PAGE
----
This book can remind clinicians of the major role that large group identity plays in the lives of our patients, particularly when trauma has occured. Vamık’s work adds support to these among us who feel that culture, trauma, and reality in their lives of nations and individuals influence significantly the development of our psychic lives. As our patient population and candidate cadres become increasingly diverse, these issues take on added weight. I feel that this book has added depth and nuance to my clinical work and hope that my sampling of its contents will interest others to read this excellent volume.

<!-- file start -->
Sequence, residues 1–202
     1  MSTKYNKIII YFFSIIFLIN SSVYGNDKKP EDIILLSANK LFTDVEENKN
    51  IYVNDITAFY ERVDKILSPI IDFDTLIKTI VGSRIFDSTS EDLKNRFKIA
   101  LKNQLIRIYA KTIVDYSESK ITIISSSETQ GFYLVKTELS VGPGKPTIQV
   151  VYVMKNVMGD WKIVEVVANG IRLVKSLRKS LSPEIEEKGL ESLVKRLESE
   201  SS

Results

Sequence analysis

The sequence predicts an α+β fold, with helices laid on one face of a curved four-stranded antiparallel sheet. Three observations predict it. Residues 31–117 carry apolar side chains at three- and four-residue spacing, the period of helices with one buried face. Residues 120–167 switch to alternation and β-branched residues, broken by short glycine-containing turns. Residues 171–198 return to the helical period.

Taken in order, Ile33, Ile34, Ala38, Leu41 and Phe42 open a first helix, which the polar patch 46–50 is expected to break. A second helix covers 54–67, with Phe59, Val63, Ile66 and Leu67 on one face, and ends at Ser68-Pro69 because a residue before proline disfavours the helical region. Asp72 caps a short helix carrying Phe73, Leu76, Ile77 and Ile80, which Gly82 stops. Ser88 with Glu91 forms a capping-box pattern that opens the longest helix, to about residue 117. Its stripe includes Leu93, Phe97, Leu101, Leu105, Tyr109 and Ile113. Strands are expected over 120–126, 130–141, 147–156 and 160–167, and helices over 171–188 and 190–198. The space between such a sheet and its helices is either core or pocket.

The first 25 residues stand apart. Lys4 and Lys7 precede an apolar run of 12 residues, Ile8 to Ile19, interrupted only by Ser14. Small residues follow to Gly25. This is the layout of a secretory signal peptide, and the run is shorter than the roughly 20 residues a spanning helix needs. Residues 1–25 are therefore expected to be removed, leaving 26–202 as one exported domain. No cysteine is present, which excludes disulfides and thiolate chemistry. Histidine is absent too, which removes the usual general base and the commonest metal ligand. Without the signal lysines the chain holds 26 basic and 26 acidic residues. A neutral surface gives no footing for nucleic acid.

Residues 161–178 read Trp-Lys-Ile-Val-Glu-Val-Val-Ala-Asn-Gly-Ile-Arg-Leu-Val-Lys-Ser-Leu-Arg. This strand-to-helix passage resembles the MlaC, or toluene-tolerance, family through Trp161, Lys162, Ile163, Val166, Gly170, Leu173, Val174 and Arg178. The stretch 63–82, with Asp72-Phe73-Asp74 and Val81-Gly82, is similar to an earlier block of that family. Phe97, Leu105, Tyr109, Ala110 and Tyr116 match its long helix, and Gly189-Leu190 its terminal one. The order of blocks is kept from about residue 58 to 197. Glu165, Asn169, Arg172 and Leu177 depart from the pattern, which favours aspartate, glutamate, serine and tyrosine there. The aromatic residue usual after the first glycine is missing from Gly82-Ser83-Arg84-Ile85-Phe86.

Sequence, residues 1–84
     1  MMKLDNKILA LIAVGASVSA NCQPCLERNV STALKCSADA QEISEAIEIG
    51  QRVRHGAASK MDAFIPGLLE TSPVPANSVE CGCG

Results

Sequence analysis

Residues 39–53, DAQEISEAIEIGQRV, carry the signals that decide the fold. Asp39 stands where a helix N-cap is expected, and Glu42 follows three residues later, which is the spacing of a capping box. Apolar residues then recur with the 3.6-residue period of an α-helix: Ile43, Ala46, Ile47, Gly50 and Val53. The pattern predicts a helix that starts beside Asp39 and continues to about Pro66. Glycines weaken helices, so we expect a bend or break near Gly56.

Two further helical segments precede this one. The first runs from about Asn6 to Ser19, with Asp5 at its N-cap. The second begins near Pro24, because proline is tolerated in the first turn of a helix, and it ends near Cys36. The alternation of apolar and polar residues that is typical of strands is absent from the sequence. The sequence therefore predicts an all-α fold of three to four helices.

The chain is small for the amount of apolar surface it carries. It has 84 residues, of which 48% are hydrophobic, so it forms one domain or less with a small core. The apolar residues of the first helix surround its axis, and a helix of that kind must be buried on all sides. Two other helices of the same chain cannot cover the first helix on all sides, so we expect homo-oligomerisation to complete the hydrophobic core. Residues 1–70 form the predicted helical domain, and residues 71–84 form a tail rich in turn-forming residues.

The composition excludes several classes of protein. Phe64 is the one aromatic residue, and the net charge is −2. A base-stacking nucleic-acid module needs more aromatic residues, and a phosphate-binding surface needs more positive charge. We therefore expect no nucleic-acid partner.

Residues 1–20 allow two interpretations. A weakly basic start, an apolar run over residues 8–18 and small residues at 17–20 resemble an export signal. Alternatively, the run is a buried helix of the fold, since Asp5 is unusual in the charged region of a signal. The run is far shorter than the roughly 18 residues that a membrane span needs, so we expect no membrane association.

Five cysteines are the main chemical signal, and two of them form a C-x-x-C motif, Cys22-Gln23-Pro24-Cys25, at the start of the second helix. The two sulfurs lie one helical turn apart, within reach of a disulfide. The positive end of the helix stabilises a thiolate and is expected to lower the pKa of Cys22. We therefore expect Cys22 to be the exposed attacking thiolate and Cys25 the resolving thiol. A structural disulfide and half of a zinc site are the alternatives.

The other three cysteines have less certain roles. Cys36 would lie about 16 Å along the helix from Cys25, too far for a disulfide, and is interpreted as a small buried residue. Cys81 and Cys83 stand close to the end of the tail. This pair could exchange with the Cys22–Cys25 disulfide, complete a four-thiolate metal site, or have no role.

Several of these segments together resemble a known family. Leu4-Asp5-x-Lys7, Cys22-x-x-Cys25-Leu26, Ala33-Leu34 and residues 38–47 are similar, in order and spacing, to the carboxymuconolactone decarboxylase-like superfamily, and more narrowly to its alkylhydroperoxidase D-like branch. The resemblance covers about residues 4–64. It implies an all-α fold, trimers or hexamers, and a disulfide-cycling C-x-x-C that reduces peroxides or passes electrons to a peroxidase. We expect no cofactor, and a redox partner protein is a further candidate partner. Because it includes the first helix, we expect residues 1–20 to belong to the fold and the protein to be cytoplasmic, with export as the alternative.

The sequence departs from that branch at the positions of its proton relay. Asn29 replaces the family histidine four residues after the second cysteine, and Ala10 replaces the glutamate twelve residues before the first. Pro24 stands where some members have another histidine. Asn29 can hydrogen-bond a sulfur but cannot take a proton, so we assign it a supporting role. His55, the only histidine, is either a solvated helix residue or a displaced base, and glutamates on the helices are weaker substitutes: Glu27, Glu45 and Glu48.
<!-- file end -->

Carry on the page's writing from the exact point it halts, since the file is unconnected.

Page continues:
1- KILLING IN THE NAME OF IDENTITY, By Vamık D. Volkan, Charlottesville, VA: Pitchstone Publishing, 2006, 307 pp.DOI:10.1177/0003065108326765.
Copyright © Vamık D. Volkan and Özler Aykan 2007.
All rights reserved.
Policies & Info / Accessibility / Sitemap / RSS / JSON
 Webmaster: Oa Publishing Co. 
Editor: Ö–zler AYKAN
Last modified on: Apr 20, 2016